top of page
  • Writer's picturePeg McDonald

A good news story

I can still remember the day this young Brown Falcon: Falco berigora came into care as a result of necessary tree felling by the RFS when the fires first started south of here. I put up a post about him and called him my “face of the fires” and from the get go I was concerned about his chances of survival when released without parental teaching and hunting experience.

He was joined by a multitude of other birds of prey here and eventually made his way into the circular free flight He was evacuated twice and left behind once when the fire came up the escarpment so quickly.

Through all this he continued on and then the happy day came when I found him in the free flight with a common brown rat that had made its way in, and after that day he just seemed to grow up and reach dispersal so quickly – and he was soft released here. I heard and saw him for a few days – then he was gone.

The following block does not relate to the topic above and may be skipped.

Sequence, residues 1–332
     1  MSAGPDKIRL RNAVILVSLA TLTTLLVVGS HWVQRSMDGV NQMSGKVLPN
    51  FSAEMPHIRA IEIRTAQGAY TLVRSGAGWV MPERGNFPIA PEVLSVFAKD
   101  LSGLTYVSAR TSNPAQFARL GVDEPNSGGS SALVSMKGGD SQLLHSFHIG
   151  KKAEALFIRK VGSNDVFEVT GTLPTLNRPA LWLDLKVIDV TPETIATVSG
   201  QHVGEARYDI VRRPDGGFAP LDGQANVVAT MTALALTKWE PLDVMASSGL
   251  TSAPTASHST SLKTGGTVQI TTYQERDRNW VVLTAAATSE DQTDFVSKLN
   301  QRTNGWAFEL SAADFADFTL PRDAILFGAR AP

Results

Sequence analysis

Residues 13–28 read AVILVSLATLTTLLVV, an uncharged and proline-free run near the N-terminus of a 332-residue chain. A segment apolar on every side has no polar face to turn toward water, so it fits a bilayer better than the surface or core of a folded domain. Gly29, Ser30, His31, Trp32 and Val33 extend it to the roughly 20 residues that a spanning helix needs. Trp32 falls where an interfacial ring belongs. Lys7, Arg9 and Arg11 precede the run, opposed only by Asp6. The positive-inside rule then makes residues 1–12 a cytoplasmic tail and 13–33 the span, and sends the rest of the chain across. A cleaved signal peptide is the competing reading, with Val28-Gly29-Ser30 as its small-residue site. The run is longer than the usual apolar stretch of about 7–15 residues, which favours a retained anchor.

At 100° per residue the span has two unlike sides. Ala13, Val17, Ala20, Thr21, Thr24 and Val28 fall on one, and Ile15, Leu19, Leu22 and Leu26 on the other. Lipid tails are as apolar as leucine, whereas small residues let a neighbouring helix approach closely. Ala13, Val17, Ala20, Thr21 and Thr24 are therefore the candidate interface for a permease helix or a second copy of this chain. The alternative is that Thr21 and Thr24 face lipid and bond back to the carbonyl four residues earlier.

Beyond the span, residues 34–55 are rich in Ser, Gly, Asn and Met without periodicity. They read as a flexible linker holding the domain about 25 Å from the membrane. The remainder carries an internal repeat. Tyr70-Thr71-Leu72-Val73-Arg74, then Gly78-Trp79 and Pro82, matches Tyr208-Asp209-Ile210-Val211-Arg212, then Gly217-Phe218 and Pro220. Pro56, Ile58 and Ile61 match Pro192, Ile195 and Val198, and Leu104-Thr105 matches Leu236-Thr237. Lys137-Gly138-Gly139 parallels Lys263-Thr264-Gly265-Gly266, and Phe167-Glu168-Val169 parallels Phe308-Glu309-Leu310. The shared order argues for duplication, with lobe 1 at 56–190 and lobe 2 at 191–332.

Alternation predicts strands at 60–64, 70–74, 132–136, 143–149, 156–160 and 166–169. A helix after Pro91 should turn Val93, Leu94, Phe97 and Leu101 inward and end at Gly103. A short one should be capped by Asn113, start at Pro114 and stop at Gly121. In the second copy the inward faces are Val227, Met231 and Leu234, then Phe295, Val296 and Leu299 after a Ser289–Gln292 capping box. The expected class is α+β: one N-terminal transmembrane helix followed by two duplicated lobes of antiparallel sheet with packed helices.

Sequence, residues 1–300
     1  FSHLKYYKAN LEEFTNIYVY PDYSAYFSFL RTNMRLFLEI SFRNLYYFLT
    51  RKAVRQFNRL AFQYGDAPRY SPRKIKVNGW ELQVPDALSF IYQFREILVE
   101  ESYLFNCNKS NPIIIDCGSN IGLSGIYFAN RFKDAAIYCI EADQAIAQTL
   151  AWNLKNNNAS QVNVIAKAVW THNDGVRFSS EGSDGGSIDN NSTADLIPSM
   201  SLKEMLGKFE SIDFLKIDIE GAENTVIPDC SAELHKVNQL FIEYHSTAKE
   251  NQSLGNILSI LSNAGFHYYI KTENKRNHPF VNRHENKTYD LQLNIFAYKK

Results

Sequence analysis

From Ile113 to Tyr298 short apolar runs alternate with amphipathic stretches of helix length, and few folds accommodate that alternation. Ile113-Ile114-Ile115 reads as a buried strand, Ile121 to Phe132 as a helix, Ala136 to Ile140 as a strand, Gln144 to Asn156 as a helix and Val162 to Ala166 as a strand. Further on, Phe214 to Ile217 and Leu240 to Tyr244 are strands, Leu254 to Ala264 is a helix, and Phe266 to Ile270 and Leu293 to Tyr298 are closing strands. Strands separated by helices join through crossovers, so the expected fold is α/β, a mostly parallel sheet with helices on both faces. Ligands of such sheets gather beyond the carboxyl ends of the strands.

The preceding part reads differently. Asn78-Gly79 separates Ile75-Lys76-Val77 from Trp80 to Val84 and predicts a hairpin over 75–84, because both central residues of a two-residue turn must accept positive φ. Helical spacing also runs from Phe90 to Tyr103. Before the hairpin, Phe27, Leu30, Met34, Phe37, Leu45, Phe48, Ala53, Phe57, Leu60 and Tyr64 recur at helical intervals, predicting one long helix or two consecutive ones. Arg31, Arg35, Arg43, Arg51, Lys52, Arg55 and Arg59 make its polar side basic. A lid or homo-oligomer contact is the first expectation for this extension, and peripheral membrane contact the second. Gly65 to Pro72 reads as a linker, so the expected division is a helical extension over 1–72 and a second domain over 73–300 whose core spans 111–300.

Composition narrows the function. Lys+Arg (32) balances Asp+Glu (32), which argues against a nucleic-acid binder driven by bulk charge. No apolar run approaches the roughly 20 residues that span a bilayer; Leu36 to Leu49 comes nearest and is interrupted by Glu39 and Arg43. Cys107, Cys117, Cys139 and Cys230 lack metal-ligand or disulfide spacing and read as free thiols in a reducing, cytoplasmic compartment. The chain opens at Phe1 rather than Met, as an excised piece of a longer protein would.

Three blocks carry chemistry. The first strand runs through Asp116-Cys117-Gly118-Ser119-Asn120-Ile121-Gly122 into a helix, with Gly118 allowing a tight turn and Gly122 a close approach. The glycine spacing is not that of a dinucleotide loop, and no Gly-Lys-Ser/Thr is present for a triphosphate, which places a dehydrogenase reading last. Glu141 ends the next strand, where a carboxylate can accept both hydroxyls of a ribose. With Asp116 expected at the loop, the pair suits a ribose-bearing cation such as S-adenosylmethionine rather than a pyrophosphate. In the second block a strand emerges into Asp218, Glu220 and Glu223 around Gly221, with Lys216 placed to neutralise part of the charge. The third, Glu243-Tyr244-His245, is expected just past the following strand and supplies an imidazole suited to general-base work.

Last week the inmates that have been coming out to help me for the last two years came for the last time – and guess who turned up? Yep to everyone’s delight it was our falcon buddy, flying beautifully and doing low passes over the aviary and looking fabulous. He spent a lot of time peering into the aviary and the bird inmates ignored him , which is not how they would normally treat an “intruder”.

Just now I saw him again, and he has now been out for six weeks so I hope all is well. Unlike the other Australian falcons these guys do not typically have a specific dietary preference, rather they are opportunistic predators that will take what they can find including carrion. They also rely on their tomial tooth and strong powerful bill , rather than the clutching foot mechanism birds like Peregrines and Kestrels possess.

Hopefully he will do well and perhaps come around every now and then. I also hope he continues to help keep the plague of the notorious bush pest Rattus rattus under control in these parts.

133 views0 comments

Recent Posts

See All


bottom of page